Washington's Ice Age Floods

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Why We Love It

During the last ice age, powerful floods shaped the rugged terrain in the eastern part of the US state of Washington. This award-winning Cascade Story Map tells the story of those floods and the landscape they left behind. We love the rich combination of static and animated maps, 2D and 3D graphics, photographs, and satellite imagery. The animated GIFs in the side panels explain key concepts, and well-labelled flood maps reveal the sequence of events. By artfully blending different aspects of the story across maps, graphics, and text, this story map creates an engaging self-paced experience.

Why It Works

Annotation and sequenced overlays for maps and photos serve to educate us quickly as we explore the geological evidence. We see how scientists were able to make sense of eastern Washington’s bizarre, unique landscape. This map works because of its skillful use of timing and storytelling. In particular, the low sun-angle Lidar map and false color hillshading blend into the story as we scroll. This technique brings geologic features into sharp relief. We see things as the geologists do, and get a sense of scale for the ice age flooding and aftermath.

Important Steps

Parse the information into logical, smaller sections and visuals—an important aspect of careful editorial choices in making great Story Maps.

Because this map shows things as they were and not as they are today, it required collaboration with scientists who have reconstructed historical data such as ancient lakes and glaciers.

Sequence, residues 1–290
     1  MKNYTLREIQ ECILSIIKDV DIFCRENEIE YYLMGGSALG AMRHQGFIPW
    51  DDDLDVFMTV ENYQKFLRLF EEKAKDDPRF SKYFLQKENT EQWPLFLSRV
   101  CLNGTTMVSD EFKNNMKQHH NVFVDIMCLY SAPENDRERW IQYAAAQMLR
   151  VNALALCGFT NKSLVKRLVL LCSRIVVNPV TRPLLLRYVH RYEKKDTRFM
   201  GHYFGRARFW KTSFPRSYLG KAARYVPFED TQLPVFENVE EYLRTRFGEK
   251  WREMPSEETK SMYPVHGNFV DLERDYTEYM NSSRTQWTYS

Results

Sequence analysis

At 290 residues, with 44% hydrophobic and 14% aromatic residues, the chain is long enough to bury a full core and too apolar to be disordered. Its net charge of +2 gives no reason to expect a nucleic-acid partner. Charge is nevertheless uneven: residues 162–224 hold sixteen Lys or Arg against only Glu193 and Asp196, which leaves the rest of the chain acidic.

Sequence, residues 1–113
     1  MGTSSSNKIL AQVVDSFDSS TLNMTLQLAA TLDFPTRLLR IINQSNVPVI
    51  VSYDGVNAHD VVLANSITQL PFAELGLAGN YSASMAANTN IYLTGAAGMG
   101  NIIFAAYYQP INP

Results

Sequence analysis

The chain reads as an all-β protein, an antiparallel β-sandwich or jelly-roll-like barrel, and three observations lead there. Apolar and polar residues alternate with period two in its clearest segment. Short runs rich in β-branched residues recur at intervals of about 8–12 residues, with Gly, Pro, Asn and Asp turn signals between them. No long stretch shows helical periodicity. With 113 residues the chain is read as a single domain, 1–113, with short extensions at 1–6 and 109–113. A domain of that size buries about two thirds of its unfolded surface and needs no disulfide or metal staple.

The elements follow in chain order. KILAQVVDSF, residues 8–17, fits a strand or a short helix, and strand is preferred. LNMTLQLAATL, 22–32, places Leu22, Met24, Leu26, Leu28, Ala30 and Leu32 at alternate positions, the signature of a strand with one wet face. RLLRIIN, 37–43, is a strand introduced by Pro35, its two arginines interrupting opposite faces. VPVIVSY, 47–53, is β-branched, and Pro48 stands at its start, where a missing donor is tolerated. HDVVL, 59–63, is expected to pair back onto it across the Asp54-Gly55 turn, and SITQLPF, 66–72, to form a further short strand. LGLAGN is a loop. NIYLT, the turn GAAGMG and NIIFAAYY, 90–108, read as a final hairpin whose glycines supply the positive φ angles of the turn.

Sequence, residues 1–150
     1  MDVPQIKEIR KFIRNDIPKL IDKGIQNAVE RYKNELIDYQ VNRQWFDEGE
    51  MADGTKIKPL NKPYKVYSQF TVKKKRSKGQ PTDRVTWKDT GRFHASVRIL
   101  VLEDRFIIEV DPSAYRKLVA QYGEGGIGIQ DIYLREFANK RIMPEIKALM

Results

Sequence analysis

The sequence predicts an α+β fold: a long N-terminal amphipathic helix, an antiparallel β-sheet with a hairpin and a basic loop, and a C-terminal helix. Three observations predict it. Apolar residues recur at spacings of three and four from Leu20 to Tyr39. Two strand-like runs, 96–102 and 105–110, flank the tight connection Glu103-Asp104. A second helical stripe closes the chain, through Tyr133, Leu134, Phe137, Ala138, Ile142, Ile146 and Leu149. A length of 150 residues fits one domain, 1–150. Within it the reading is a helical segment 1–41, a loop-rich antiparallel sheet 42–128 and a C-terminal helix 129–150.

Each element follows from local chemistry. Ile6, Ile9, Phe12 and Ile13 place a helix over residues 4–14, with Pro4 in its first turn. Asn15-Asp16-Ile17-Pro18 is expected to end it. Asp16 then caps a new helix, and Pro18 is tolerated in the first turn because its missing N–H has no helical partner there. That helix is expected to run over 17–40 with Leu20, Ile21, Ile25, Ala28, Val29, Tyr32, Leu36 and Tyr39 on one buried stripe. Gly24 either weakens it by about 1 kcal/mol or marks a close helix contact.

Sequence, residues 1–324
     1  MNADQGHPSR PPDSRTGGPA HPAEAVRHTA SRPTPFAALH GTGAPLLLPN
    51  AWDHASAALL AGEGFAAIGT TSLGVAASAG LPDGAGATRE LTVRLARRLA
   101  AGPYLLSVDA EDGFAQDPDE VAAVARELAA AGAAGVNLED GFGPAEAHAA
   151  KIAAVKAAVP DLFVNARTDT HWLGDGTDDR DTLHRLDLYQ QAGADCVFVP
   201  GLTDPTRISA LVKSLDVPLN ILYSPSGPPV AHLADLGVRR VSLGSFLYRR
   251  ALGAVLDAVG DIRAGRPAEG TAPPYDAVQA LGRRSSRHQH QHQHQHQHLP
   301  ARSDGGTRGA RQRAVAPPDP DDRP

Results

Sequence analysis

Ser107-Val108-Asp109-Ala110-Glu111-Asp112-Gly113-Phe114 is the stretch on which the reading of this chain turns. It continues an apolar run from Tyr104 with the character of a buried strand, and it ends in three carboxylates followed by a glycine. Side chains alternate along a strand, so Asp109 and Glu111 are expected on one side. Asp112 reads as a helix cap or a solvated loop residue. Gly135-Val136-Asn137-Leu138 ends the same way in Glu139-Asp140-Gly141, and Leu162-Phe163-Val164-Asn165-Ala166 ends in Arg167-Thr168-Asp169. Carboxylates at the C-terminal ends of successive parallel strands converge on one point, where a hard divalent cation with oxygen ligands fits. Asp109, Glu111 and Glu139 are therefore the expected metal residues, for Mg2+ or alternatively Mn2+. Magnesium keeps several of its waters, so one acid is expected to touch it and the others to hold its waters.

Point cloud data collected by Lidar instruments (flown in survey planes) is used to create exceptionally detailed maps of 3D surface features (such as trees and sand bars) that are visualized in ArcGIS Pro.

Labels and annotations make or break a map. Create a consistent style and visual hierarchy to call attention to critical features. Employ text masking to improve legibility against busy backgrounds.


Data & Software

Maps of the floods are modified versions of glacial ice and ice age flood-affected areas collected by J.T. Silkwood. The interactive map used route data provided by the National Park Service.

Software included ArcGIS Desktop and Adobe Creative Cloud.


The channeled scablands image was created using a modified relative elevation model (also known as a height above river model) in order to visually emphasize the former flood channels across a large area of eastern Washington.


It took about three weeks overall. The Washington’s Ice Age Floods story map was fairly complex, and the team created much of the content while making the story map.

Ancient Landscapes


When showing ancient landscapes, be sure to orient the reader by including modern landmarks such as present-day cities and coastlines.

Better Communicated


Some facts are better communicated with charts and graphics, such as the animated comparison of modern versus floodwater volumes.

Auto Playing Animations


Consider using animated GIFs for auto-playing animations that cleverly reveal facts on a map and draw the eye to important landscape features.

More Information

Map Author


Washington Geological Survey, a division of the Department of Natural Resources (DNR)


In partnership with citizens and governments, the Washington State DNR provides innovative leadership and expertise to ensure environmental protection, public safety, perpetual funding for schools and communities, and a rich quality of life.

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